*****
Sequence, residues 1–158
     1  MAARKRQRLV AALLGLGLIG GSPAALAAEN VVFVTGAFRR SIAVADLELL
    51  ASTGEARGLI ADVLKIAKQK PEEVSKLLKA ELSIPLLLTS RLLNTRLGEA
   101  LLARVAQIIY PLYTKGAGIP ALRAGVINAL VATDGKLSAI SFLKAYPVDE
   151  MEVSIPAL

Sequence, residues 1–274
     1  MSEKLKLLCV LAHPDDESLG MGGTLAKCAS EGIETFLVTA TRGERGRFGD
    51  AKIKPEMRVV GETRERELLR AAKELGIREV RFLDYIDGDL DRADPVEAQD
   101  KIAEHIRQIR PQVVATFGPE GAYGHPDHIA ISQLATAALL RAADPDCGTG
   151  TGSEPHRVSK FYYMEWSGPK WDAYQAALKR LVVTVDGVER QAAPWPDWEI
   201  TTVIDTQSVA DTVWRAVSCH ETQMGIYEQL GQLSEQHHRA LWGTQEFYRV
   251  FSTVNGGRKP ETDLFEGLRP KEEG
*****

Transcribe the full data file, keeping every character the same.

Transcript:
Sequence, residues 1–158
     1  MAARKRQRLV AALLGLGLIG GSPAALAAEN VVFVTGAFRR SIAVADLELL
    51  ASTGEARGLI ADVLKIAKQK PEEVSKLLKA ELSIPLLLTS RLLNTRLGEA
   101  LLARVAQIIY PLYTKGAGIP ALRAGVINAL VATDGKLSAI SFLKAYPVDE
   151  MEVSIPAL

Sequence, residues 1–274
     1  MSEKLKLLCV LAHPDDESLG MGGTLAKCAS EGIETFLVTA TRGERGRFGD
    51  AKIKPEMRVV GETRERELLR AAKELGIREV RFLDYIDGDL DRADPVEAQD
   101  KIAEHIRQIR PQVVATFGPE GAYGHPDHIA ISQLATAALL RAADPDCGTG
   151  TGSEPHRVSK FYYMEWSGPK WDAYQAALKR LVVTVDGVER QAAPWPDWEI
   201  TTVIDTQSVA DTVWRAVSCH ETQMGIYEQL GQLSEQHHRA LWGTQEFYRV
   251  FSTVNGGRKP ETDLFEGLRP KEEG